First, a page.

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Monday, September 27, 2010


So, yes I did go to Ireland for 3 weeks. I think the hangover is finally cured. I'm not much of a drinker but I was told by a pal I would be a social outcast if I turned down a drink. I was never good at the social outcast thing.

I was invited and housed in absolute Georgian splendor with a decidedly bohemian edge. Most of my  time was spent in Dublin, which fact flies in the face of the rural photo above. My buddy Mike Anton took that shot when we were on a two day road trip to County Galway on the West Coast. Mike only came over for a week toward the end of my stay with the artist Brian Gormley.

Gormley is one of the few true geniuses I number among my close friends. I've know him for some 25 years. He likes to say he inherited me from his father, the late great Edward Francis Gormley -- soldier, saloon keeper, playwright and bon vivant -- which I consider an honor.

Brian was there for an exhibit in which his work is included Graphic Studio: 50 years in Dublin at the Irish Museum of Modern Art. Enrique Juncosa, the amiable director of the museum, wrote an excellent introduction to the exhibition catalog.

The Dublin Dandy (me) with Jon Lasker.

We ran into Enrique at John Daly's Hillsboro Gallery for the opening of Jonathan Lasker's and John Noel Smith's joint exhibit there (Hillsboro also reps Brian Gormley in Dublin.) The next morning we received a phone call that I was now on the guest list for a sit down dinner at The Tea Room at The Clarence, owned by Bono and the Edge, after the exhibit at IMMA. I thought that was very generous. (Thanks again, Enrique! Great party!)

I wasn't there as a theater tourist (I was going with the flow, so to speak -- and man, did it flow) so I only took in one play -- The Colleen Bawn by Dion Boucicault -- at the Civic Theater in Tallaght in south Dublin. I tried to see the play in its last weekend at the Project Arts Centre in Temple Bar, which is Dublin's equivalent of Greenwich Village, more or less. It was a superb show. The set was one of the best touring boxes I've laid eyes on. The cast was brilliant. Boucicault gets some prominent mention in my novel Broadway Vampire for writing the first vampire stage production -- titled The Vampire -- which appeared on Broadway and the West End in 1852-3 -- decades before Bram Stoker wrote Dracula

The Unknown Playwright, Noelle Campbell Sharp, Brian Gormley, and a firend at the IMMA opening.

I got to meet the inimitable Noelle Campbell Sharp, patron of the arts and a great Dublin character. She has her own Georgian house in the heart of the center city, with a private drinking establishment. Brian Gormley, I should explain, has visited and lived in Dublin on and off since he was 3 years old. So he knows everyone there is to know, or so it seemed. In any case, Noelle invited Gormley, Michael Carter, a NYC poet, and myself to come to Cill Rialaig the artists colony she founded on the wild seacoast of County Kerry. (The invitation, for two weeks this November, almost beat me back to the States. Now I've got to beat the bushes for some money to go.)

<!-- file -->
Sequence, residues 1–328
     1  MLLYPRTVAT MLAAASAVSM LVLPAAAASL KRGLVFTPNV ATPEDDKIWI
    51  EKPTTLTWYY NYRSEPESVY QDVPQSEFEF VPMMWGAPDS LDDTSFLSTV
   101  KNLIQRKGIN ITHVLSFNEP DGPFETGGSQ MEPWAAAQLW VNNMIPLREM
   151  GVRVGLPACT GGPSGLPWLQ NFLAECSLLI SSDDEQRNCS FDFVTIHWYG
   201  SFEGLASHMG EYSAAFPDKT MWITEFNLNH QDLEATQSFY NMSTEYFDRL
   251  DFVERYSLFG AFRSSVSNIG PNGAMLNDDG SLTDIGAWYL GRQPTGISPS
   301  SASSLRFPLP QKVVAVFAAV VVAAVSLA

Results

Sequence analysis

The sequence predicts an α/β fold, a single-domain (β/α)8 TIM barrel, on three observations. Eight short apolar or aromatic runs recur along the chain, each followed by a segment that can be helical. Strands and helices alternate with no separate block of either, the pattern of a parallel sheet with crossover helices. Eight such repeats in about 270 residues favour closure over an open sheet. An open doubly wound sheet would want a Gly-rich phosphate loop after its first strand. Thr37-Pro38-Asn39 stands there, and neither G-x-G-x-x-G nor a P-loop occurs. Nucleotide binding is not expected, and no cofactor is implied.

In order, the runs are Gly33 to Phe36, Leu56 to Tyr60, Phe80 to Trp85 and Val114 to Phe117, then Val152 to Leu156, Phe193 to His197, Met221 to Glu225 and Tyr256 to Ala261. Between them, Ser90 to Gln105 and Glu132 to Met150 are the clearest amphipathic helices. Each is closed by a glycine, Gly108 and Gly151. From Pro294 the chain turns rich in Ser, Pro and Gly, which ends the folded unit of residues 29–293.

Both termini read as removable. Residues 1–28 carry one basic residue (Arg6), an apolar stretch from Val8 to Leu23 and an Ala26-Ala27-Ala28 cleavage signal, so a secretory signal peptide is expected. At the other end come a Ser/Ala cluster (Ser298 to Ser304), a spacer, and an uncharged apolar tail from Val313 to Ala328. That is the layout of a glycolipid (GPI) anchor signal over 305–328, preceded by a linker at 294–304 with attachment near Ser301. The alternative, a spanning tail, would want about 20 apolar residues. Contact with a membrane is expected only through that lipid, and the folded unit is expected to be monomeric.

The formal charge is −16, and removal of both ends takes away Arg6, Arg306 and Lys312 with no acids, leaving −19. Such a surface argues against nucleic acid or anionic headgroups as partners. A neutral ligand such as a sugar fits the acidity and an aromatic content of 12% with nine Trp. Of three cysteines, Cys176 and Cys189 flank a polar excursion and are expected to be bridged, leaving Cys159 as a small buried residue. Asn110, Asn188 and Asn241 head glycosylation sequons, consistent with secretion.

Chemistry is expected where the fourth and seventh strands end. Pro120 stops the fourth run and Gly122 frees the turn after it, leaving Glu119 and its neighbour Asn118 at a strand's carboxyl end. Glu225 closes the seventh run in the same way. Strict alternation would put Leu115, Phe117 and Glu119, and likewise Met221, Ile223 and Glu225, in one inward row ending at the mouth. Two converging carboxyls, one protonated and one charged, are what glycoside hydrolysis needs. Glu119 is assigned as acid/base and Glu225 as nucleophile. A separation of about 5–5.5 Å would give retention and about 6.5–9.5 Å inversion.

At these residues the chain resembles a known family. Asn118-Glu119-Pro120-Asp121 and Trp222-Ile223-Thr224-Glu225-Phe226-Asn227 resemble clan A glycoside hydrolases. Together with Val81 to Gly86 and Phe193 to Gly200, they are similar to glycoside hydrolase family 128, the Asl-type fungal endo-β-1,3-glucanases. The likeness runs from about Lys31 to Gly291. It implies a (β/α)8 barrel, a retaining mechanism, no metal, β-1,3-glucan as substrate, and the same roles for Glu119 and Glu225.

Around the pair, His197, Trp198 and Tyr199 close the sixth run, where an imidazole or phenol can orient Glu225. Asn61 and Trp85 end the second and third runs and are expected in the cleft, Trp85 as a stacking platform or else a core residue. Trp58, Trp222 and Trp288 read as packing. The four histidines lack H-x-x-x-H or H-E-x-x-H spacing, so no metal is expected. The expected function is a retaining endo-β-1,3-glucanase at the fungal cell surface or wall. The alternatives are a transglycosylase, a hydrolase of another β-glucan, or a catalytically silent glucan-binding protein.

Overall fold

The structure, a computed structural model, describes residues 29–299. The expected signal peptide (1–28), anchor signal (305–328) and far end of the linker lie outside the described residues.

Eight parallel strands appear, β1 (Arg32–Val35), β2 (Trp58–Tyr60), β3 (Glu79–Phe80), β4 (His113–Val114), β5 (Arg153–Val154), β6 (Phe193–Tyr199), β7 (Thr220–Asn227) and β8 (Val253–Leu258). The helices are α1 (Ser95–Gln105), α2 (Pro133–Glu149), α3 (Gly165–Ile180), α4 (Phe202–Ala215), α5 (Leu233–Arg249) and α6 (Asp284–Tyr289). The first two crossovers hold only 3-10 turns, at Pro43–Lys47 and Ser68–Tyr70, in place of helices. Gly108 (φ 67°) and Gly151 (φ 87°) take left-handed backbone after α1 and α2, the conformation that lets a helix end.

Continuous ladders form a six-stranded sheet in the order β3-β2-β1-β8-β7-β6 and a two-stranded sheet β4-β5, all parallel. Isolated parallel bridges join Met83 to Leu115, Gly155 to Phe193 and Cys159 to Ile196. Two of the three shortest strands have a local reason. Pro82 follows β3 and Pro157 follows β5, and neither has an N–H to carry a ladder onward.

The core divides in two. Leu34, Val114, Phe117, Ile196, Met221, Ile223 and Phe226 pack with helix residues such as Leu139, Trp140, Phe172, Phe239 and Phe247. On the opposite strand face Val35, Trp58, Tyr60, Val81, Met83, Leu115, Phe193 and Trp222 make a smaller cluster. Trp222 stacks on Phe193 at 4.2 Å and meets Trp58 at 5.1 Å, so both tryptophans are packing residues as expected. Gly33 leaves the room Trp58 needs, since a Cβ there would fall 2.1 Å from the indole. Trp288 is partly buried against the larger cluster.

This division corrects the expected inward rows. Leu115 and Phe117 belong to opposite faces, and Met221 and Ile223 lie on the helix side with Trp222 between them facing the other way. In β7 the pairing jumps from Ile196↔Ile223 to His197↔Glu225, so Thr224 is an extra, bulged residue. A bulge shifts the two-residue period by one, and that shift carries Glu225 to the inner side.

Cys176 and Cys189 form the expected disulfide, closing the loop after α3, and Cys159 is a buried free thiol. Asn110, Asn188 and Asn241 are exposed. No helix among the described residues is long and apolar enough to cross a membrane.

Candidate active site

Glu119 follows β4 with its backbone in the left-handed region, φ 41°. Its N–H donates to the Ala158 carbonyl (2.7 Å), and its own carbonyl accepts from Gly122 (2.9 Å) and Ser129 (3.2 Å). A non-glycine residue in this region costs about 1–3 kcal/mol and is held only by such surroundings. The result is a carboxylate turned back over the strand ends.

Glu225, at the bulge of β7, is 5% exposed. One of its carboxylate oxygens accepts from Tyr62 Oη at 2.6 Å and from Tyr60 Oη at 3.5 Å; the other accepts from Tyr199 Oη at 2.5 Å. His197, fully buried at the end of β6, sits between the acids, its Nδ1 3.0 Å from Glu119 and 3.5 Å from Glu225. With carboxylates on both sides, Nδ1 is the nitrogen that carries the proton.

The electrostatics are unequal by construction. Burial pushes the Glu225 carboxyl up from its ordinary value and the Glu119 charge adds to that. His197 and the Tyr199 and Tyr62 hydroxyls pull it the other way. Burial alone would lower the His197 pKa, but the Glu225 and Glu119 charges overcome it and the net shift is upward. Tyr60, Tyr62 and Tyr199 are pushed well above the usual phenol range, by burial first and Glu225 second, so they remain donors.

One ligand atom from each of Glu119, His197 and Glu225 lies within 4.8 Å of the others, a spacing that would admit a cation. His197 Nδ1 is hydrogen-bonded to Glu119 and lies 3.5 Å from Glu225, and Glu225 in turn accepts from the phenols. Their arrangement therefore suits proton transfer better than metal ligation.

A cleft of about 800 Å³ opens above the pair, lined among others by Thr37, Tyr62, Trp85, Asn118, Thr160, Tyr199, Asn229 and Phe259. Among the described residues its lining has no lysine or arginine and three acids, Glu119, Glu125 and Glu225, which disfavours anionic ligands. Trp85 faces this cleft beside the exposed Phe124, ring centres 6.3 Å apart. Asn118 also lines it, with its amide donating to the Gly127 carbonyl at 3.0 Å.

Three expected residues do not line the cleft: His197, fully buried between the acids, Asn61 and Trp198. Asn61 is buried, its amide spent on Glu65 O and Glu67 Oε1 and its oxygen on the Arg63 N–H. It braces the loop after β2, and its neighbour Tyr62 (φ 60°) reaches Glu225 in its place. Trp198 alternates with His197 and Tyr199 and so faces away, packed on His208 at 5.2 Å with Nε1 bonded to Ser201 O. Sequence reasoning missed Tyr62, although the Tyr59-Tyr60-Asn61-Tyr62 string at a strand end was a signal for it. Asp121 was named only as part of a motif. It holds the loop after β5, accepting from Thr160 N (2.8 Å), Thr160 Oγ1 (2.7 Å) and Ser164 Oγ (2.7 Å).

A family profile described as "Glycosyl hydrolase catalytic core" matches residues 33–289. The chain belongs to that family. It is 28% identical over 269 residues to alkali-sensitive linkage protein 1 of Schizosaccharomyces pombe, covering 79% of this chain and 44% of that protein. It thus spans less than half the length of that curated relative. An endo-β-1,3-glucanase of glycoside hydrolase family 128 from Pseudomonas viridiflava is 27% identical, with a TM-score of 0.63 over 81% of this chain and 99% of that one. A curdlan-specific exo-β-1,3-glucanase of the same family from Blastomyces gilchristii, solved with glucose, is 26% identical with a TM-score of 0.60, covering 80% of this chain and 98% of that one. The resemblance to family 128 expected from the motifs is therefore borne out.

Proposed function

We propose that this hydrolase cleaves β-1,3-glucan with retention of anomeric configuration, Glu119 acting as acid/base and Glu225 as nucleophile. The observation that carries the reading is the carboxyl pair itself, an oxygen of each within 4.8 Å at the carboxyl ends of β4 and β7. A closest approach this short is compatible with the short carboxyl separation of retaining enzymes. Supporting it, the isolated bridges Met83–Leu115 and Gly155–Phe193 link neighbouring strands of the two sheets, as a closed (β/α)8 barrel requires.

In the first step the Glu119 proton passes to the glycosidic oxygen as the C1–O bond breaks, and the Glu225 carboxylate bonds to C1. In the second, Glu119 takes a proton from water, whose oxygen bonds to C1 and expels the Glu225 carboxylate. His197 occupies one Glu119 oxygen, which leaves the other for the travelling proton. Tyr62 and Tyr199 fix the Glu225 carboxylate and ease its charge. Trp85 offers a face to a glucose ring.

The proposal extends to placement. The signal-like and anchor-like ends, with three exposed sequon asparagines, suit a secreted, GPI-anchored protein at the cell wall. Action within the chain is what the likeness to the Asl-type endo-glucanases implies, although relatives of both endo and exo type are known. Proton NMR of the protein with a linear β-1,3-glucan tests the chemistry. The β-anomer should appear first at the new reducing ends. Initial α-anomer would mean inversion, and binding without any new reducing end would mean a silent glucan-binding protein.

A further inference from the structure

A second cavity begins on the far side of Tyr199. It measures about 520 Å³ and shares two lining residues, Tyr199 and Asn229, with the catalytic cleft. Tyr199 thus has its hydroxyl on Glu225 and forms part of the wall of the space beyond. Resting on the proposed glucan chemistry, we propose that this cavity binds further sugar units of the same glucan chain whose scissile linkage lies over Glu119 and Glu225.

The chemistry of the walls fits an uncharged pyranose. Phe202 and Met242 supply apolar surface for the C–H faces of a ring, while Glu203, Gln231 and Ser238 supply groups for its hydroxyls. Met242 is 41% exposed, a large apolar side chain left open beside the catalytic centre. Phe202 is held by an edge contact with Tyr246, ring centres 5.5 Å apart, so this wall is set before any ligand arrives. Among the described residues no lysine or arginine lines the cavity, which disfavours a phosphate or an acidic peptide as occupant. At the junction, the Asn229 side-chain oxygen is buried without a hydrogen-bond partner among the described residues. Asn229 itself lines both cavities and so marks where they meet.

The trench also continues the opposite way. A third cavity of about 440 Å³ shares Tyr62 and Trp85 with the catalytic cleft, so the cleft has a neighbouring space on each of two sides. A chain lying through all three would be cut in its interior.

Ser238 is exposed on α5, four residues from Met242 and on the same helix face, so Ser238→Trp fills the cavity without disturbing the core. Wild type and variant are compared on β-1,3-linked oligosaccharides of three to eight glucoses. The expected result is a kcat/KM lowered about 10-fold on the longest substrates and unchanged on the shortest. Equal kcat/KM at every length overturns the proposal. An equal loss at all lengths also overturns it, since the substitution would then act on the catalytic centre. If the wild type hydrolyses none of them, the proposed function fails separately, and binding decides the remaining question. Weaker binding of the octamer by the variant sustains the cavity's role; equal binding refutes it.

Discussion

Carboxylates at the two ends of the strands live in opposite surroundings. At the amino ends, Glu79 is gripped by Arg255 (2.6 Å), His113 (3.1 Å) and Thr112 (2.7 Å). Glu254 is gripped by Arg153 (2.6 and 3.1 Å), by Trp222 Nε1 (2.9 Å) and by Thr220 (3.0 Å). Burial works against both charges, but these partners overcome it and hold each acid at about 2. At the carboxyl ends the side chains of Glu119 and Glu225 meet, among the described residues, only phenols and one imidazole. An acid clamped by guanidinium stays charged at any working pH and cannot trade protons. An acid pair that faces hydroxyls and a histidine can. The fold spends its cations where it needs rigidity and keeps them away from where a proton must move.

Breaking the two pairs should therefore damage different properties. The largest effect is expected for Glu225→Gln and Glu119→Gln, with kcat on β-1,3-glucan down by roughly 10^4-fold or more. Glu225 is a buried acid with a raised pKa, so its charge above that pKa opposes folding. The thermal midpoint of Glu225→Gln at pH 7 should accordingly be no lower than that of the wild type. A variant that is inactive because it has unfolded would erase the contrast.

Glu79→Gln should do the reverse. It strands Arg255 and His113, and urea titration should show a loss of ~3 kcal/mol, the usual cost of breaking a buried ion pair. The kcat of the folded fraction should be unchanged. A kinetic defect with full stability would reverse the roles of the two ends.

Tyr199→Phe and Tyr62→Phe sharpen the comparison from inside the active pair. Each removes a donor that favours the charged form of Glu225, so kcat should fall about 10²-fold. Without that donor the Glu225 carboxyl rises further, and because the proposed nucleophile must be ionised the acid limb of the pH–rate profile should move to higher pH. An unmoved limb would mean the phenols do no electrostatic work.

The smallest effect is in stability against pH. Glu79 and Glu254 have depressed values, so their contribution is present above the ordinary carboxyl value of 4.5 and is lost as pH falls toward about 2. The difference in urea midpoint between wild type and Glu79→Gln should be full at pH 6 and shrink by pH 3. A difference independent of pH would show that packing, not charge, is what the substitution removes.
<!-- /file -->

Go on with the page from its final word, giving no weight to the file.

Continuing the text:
While in Dublin, I got to hang out with a couple of Ireland's top Mick Cullen and Charlie Cullen. These two affable characters have studios right next to each other in a building of artists' studios, the existence of which made me think of Montparnasse during the time of Picasso and friends. Oddly enough, (or not) these two masterful artists are not from the same family.Both these superb painters, however, were represented in the IMMA show with Brian Gormley.

I also met the erotic blogger and artist Maria Dolorosa Delacruz while there. She invited us all to a great party that her boyfriend djs on the roof of a private club. (Thanks, Maria! Another great party!)

The last night there, Arthur Keating, a prominent art collector and RTE exec,  threw a going away dinner for Brian and me. The other guest of honor was the playwright and film director Martin Duffy, who lives in Berlin. It was a great evening. For some reason, our host was enamored of my singing and ukulele playing and kept calling for songs throughout the evening.

Martin made me promise to stay in touch and to visit him when I go to Berlin early next year. I'll be doing the final research for Berlin Vampire, my next novel.

And that was my trip to Dublin. More or less.


  1. I said it seems you had a great time and now I read the proof!

  2. I was toild by someone once that if you spend a week in ireland and remember any of it at all, you were in "soft" drinking company.

  3. Hah! DBH, I would disagree with you and get all macho about my capacity for drink, but then again there's the memory of a walk thru the Temple Bar district at about 1 am on a Friday night. Definitely count me among the "soft" drinkers compared to the young folks there.